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From Peter Wolf <opus...@gmail.com>
Subject Re: Speeding up Scans
Date Wed, 25 Jan 2012 19:58:16 GMT
Interesting,

I added this, and my scan did speed up somewhat

         conf.setInt("hbase.client.prefetch.limit",100);
         hTable = new HTable(conf, tableName);


What does this environment variable really control, and how should it be 
set to an appropriate value?  What is a region, and how does it map to 
lines, families and columns?  What are the tradeoffs for making it big?

Peter



On 1/25/12 2:32 PM, Doug Meil wrote:
> Thanks Geoff!  No apology required, that's good stuff.  I'll update the
> book with that param.
>
>
>
>
> On 1/25/12 2:17 PM, "Geoff Hendrey"<ghendrey@decarta.com>  wrote:
>
>> Sorry for jumping in late, and perhaps out of context, but I'm pasting
>> in some findings  (reported to this list by us a while back) that helped
>> us to get scans to perform very fast. Adjusting
>> hbase.client.prefetch.limit was critical for us.:
>> ========================
>> It's even more mysterious than we think. There is lack of documentation
>> (or perhaps lack of know how). Apparently there are 2 factors that
>> decide the performance of scan.
>>
>> 1.	Scanner cache as we know - We always had scanner caching set to
>> 1, but this is different than pre fetch limit
>> 2.	hbase.client.prefetch.limit -  This is meta caching limit
>> defaults to 10 to prefetch 10 region locations every time we scan that
>> is not already been pre-warmed
>>
>> the "hbase.client.prefetch.limit" is passed along to the client code to
>> prefetch the next 10 region locations.
>>
>> int rows = Math.min(rowLimit,
>> configuration.getInt("hbase.meta.scanner.caching", 100));
>>
>> the "row" variable mins to 10 and always prefetch atmost 10 region
>> boundaries. Hence every new region boundary that is not already been
>> pre-warmed fetch the next 10 region locations resulting in 1st slow
>> query followed by quick responses. This is basically pre-warming the
>> meta not region cache.
>>
>> -----Original Message-----
>> From: Jeff Whiting [mailto:jeffw@qualtrics.com]
>> Sent: Wednesday, January 25, 2012 10:09 AM
>> To: user@hbase.apache.org
>> Subject: Re: Speeding up Scans
>>
>> Does it make sense to have better defaults so the performance out of the
>> box is better?
>>
>> ~Jeff
>>
>> On 1/25/2012 8:06 AM, Peter Wolf wrote:
>>> Ah ha!  I appear to be insane ;-)
>>>
>>> Adding the following speeded things up quite a bit
>>>
>>>          scan.setCacheBlocks(true);
>>>          scan.setCaching(1000);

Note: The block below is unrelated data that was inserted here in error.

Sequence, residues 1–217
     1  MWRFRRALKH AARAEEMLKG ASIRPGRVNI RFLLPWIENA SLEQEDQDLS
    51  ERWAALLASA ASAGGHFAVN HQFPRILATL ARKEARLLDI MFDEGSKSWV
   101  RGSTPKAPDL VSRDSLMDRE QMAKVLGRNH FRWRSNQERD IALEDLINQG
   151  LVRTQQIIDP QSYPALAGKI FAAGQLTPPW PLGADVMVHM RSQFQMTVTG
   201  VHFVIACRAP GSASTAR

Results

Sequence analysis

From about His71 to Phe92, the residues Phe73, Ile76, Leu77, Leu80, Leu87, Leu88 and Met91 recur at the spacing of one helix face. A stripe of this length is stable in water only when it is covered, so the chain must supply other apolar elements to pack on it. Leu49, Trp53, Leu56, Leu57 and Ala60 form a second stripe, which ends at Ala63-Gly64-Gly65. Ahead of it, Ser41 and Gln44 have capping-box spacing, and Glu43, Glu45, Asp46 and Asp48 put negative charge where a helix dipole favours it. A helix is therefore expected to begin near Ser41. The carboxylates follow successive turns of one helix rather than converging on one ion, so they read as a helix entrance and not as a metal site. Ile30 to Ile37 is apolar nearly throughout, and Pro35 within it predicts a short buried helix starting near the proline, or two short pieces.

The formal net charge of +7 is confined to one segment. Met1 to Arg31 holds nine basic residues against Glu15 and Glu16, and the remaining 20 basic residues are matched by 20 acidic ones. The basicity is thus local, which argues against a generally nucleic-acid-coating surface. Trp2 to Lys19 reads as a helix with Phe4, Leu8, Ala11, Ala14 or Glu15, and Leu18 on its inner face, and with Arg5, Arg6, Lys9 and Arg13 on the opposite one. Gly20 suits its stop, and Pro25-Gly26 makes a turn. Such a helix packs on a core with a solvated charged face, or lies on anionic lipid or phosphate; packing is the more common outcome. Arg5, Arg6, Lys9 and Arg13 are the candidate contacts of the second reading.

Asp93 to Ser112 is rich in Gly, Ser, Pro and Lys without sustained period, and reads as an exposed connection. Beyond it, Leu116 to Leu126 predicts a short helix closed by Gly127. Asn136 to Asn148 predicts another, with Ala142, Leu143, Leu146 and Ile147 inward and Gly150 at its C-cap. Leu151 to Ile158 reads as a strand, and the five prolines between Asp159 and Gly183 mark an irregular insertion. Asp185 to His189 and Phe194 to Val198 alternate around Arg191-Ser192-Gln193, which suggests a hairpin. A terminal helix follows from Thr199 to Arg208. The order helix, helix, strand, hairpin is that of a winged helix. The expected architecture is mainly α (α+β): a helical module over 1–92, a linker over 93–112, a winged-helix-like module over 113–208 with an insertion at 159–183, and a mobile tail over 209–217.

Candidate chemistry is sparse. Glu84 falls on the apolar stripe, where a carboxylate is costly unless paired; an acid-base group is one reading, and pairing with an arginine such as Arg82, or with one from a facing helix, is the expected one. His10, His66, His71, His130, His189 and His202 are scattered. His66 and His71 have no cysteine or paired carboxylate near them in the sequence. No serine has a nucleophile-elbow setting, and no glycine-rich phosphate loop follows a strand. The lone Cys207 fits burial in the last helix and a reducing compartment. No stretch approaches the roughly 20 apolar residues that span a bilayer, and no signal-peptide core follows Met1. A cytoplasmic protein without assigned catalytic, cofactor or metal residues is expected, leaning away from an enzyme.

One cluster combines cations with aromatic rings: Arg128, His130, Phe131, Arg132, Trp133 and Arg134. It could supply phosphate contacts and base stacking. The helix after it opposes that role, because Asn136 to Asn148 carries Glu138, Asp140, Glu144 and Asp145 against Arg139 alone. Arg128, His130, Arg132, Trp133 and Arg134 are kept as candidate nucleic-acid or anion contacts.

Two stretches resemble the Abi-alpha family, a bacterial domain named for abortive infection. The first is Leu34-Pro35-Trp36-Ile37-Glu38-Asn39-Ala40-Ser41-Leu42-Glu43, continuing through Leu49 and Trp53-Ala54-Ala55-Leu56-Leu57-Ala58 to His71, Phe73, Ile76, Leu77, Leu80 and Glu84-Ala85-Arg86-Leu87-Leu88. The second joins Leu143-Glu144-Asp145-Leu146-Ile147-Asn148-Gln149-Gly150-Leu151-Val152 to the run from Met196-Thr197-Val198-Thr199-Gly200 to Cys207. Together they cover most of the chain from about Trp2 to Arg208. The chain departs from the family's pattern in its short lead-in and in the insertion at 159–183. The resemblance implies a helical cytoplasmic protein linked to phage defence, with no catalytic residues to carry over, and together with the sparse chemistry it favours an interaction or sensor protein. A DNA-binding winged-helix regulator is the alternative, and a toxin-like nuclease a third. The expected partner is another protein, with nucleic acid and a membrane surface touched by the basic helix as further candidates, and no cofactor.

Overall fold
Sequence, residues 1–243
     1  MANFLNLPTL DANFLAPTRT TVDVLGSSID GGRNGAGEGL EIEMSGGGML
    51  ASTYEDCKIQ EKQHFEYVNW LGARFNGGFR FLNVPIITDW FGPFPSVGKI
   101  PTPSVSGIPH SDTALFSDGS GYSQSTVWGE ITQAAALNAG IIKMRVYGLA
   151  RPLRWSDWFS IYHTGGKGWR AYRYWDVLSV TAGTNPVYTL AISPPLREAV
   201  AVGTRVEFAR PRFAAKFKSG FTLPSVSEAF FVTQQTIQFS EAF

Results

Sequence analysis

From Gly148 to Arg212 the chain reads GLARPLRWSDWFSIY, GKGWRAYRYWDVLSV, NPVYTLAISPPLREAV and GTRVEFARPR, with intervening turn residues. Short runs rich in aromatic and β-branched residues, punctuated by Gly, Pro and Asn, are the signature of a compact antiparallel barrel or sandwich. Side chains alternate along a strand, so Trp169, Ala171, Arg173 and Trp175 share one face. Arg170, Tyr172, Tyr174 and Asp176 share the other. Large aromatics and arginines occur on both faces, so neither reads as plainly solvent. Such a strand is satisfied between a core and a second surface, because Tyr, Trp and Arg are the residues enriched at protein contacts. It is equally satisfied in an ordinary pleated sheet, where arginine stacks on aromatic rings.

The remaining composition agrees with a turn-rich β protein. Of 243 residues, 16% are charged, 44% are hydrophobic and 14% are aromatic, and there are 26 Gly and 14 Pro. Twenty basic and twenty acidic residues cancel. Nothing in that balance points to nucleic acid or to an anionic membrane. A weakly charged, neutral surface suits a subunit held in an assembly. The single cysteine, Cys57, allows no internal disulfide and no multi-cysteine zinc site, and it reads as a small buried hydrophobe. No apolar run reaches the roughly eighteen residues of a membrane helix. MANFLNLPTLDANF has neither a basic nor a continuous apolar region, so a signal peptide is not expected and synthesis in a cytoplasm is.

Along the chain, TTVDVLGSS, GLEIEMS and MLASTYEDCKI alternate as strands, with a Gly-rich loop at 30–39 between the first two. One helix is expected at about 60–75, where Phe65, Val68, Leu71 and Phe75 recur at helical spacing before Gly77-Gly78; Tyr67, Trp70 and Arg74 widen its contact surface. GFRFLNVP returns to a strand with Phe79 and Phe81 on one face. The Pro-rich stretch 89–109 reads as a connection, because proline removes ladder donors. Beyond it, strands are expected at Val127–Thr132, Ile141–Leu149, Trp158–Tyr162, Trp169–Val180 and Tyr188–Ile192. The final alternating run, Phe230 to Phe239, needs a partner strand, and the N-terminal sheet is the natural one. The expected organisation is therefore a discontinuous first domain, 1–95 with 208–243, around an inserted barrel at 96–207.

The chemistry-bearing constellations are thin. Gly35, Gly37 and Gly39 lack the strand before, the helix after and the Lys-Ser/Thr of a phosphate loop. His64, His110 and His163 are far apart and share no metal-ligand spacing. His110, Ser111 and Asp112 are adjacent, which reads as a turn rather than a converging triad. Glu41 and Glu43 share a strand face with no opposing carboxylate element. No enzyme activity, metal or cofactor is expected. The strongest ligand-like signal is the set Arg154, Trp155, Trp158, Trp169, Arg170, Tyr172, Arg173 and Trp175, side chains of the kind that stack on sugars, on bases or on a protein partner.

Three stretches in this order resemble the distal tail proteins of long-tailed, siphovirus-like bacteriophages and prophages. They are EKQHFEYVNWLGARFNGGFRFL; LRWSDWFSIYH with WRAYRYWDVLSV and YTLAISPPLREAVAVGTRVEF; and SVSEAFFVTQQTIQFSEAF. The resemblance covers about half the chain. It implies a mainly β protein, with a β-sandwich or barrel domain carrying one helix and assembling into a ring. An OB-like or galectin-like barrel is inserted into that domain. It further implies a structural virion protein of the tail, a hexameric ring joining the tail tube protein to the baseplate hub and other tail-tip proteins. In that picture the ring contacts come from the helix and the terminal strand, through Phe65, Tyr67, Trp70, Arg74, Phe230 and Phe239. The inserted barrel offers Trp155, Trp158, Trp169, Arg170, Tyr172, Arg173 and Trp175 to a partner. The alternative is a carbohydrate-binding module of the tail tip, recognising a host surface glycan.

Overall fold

>>>
>>> Thank you, it was a duh!
>>>
>>> P
>>>
>>>
>>>
>>> On 1/25/12 8:13 AM, Doug Meil wrote:
>>>> Hi there-
>>>>
>>>> Quick sanity check:  what caching level are you using?  (default is
>> 1)  I
>>>> know this is basic, but it's always good to double-check.
>>>>
>>>> If "language" is already in the lead position of the rowkey, why use
>> the
>>>> filter?
>>>>
>>>> As for EC2, that's a wildcard.
>>>>
>>>>
>>>>
>>>>
>>>>
>>>> On 1/25/12 7:56 AM, "Peter Wolf"<opus111@gmail.com>   wrote:
>>>>
>>>>> Hello all,
>>>>>
>>>>> I am looking for advice on speeding up my Scanning.
>>>>>
>>>>> I want to iterate over all rows where a particular column (language)
>>>>> equals a particular value ("JA").
>>>>>
>>>>> I am already creating my row keys using that column in the first
>> bytes.
>>>>> And I do my scans using partial row matching, like this...
>>>>>
>>>>>       public static byte[] calculateStartRowKey(String language) {
>>>>>           int languageHash = language.length()>   0 ?
>> language.hashCode() :
>>>>> 0;
>>>>>           byte[] language2 = Bytes.toBytes(languageHash);
>>>>>           byte[] accountID2 = Bytes.toBytes(0);
>>>>>           byte[] timestamp2 = Bytes.toBytes(0);
>>>>>           return Bytes.add(Bytes.add(language2, accountID2),
>> timestamp2);
>>>>>       }
>>>>>
>>>>>       public static byte[] calculateEndRowKey(String language) {
>>>>>           int languageHash = language.length()>   0 ?
>> language.hashCode() :
>>>>> 0;
>>>>>           byte[] language2 = Bytes.toBytes(languageHash + 1);
>>>>>           byte[] accountID2 = Bytes.toBytes(0);
>>>>>           byte[] timestamp2 = Bytes.toBytes(0);
>>>>>           return Bytes.add(Bytes.add(language2, accountID2),
>> timestamp2);
>>>>>       }
>>>>>
>>>>>       Scan scan = new Scan(calculateStartRowKey(language),
>>>>> calculateEndRowKey(language));
>>>>>
>>>>>
>>>>> Since I am using a hash value for the string, I need to re-check the
>>>>> column to make sure that some other string does not get the same
>> hash
>>>>> value
>>>>>
>>>>>       Filter filter = new SingleColumnValueFilter(resultFamily,
>>>>> languageCol, CompareFilter.CompareOp.EQUAL,
>> Bytes.toBytes(language));
>>>>>       scan.setFilter(filter);
>>>>>
>>>>> I am using the Cloudera 0.09.4 release, and a cluster of 3 machines
>> on
>>>>> EC2.
>>>>>
>>>>> I think that this should be really fast, but it is not.  Any advice
>> on
>>>>> how to debug/speed it up?
>>>>>
>>>>> Thanks
>>>>> Peter
>>>>>
>>>>>
>>>>>
>>>>>
>>>>>
>> -- 
>> Jeff Whiting
>> Qualtrics Senior Software Engineer
>> jeffw@qualtrics.com
>>
>>
>


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